Researchers from DST's Centre for Policy Research, the IISc, and CSIR have examined the popular measurement standards used in research and their trustworthiness.
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Researchers from the Indian Institute of Science, Bangalore, find how geckos from India could have spread into and adapted to the Sri Lankan environment.
Science in India is in interesting times. We have some of the best scientists producing world-class research working in a host of institutions within India that are largely public funded. A large scientific workforce complimented by a promising younger generation – that is often dubbed to be our demographic dividend. A learned and competent scientific administration fighting tooth and nail for increased budgetary allocations to invest in science.
3.6 million lives could be lost in 2050 due to air pollution, says a recent study.
According to a new study by researchers from the Indian Institute of Technology-Bombay (IIT-B), the Health Effects Institute (HEI), and the Institute for Health Metrics and Evaluation (IHME), in 2015, only one in 1000 Indians lived in areas where particulate pollution did not exceed the permissible levels prescribed by World Health Organization (WHO).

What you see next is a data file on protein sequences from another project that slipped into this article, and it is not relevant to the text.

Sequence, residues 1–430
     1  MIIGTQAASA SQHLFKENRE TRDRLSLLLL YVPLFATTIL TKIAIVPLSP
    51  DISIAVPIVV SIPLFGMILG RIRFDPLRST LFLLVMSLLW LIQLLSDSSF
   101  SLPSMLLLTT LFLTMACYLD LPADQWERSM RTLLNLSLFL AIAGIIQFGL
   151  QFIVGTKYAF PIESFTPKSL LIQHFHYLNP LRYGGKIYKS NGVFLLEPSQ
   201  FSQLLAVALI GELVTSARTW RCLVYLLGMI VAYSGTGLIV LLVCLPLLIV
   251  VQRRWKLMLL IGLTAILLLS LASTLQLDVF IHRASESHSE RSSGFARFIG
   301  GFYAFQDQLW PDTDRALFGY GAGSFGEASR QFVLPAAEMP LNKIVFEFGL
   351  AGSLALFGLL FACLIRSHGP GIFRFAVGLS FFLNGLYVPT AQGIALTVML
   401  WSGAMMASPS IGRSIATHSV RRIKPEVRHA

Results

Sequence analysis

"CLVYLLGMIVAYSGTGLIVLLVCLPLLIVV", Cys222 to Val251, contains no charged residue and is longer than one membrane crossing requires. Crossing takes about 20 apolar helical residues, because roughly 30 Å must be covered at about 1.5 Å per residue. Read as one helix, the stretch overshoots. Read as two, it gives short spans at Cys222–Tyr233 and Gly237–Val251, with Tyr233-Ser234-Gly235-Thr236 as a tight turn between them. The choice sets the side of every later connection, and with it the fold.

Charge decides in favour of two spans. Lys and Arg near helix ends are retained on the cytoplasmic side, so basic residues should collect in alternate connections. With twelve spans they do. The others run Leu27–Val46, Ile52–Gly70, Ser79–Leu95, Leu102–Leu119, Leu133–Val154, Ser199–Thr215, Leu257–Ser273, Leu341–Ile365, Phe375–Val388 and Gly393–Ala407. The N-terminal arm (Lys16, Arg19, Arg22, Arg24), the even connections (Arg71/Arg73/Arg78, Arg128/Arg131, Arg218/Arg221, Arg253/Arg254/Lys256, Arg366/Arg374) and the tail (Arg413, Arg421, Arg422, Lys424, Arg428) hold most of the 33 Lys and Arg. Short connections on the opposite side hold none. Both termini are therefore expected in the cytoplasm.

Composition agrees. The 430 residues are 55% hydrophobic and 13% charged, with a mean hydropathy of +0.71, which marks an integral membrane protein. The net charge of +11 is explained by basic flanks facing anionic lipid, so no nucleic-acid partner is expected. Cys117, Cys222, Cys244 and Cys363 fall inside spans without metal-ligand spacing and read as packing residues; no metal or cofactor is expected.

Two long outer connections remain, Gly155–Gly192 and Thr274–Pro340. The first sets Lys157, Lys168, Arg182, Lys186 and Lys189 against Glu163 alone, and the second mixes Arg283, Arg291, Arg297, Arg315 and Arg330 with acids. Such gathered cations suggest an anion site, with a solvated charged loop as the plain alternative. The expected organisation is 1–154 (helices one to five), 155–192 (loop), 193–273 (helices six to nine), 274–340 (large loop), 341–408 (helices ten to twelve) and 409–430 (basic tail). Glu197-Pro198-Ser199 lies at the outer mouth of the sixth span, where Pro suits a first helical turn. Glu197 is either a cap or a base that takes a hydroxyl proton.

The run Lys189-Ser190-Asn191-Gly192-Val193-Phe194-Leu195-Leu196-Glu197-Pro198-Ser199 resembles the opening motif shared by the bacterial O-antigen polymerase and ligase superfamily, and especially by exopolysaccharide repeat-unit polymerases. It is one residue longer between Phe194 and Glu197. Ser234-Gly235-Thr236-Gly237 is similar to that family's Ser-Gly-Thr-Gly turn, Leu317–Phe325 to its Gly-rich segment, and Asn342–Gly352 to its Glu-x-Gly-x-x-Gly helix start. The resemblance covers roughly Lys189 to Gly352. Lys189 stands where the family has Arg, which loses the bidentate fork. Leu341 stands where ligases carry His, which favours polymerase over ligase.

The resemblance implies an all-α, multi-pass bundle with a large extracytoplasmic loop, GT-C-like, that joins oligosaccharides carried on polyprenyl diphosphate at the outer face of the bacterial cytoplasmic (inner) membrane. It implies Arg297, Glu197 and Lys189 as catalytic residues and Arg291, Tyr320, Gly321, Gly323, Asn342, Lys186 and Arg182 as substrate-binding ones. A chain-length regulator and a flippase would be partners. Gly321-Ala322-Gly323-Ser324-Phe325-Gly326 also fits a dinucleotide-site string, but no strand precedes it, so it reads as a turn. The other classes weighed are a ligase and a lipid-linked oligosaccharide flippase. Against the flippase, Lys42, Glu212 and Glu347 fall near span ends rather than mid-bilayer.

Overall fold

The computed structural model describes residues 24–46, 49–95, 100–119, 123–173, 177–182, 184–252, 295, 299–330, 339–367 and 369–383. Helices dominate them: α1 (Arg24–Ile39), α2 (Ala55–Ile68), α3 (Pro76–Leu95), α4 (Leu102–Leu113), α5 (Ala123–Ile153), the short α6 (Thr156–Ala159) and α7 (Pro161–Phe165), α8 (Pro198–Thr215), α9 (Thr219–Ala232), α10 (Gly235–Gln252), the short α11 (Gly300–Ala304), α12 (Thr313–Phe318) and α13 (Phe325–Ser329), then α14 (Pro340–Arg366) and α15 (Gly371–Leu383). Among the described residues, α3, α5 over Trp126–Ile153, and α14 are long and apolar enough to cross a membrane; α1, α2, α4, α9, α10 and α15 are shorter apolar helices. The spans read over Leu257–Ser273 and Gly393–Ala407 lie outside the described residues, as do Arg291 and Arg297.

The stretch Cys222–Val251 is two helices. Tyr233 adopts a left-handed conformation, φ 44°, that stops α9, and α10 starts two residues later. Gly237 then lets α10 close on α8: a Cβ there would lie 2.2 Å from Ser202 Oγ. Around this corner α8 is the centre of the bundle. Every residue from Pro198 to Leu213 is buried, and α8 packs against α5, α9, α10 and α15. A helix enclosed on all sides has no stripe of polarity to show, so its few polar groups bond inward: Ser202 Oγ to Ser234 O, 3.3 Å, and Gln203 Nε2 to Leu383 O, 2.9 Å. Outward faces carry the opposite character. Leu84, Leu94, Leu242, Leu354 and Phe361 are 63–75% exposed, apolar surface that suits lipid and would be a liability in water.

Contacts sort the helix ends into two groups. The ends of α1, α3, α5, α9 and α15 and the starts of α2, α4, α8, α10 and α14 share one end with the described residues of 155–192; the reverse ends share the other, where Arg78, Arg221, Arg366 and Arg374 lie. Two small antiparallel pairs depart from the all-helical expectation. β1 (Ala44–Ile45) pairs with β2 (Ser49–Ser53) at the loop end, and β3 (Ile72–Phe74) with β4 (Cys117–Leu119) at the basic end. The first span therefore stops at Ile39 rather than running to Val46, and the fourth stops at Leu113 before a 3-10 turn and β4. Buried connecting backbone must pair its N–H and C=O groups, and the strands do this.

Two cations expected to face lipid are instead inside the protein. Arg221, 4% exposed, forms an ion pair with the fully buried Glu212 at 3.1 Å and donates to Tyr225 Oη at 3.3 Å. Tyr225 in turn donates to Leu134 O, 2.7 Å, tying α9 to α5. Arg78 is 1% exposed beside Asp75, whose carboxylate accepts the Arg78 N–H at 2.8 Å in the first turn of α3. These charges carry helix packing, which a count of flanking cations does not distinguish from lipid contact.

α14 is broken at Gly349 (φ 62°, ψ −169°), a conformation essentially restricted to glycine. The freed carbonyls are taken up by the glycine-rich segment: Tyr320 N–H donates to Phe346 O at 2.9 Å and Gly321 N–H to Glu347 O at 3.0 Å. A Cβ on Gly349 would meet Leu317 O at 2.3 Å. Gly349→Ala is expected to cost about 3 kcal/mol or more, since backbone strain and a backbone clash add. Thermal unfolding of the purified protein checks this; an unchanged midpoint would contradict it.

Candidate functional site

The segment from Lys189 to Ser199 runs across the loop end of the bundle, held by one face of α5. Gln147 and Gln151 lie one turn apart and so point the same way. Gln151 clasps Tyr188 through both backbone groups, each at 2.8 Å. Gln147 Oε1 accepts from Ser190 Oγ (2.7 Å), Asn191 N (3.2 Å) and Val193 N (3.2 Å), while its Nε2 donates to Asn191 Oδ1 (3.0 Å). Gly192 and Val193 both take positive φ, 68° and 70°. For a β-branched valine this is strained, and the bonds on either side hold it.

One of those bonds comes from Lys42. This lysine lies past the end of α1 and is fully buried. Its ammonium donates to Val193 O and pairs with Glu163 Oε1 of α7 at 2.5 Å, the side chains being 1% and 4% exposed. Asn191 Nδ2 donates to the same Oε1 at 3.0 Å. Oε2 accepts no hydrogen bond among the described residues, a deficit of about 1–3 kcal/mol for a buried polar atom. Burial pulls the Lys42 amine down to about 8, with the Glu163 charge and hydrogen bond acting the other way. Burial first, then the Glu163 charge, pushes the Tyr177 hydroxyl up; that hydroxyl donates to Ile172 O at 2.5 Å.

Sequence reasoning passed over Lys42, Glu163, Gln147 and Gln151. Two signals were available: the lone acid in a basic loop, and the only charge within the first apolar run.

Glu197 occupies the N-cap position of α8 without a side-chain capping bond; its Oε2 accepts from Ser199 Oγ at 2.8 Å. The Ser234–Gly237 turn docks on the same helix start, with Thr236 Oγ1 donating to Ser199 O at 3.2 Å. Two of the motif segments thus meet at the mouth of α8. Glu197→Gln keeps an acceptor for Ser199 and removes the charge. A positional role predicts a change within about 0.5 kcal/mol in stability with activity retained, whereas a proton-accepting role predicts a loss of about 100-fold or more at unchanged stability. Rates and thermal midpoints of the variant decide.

The screening of humans and people is important to understand and mitigate the risk of a Zika virus epidemic. In their recent study scientists from the indian institute of Science, Bangalore, chalk out the details of how such a program should be carried out.
It was years ago that India’s first Prime Minister Jawaharlal Nehru had said, “It is science alone that can solve the problems of hunger and poverty, of insanitation and illiteracy, of superstition and deadening custom and tradition, of vast resources running to waste, or a rich country inhabited by starving people... Who indeed could afford to ignore science?”
Nehru was one of the first people to use the term scientific temper and advocate the promotion of scientific temper:
An education in science is a cherished dream for many. Unfortunately, it’s almost always limited to a few areas of study like engineering, medicine or dentistry. Thanks to the numerous avenues today, education in science has better career opportunities than ever, leaping beyond these traditional fields. So, what options does one have in the realm of science education? Here is a small effort to demystify the science education scene in the country.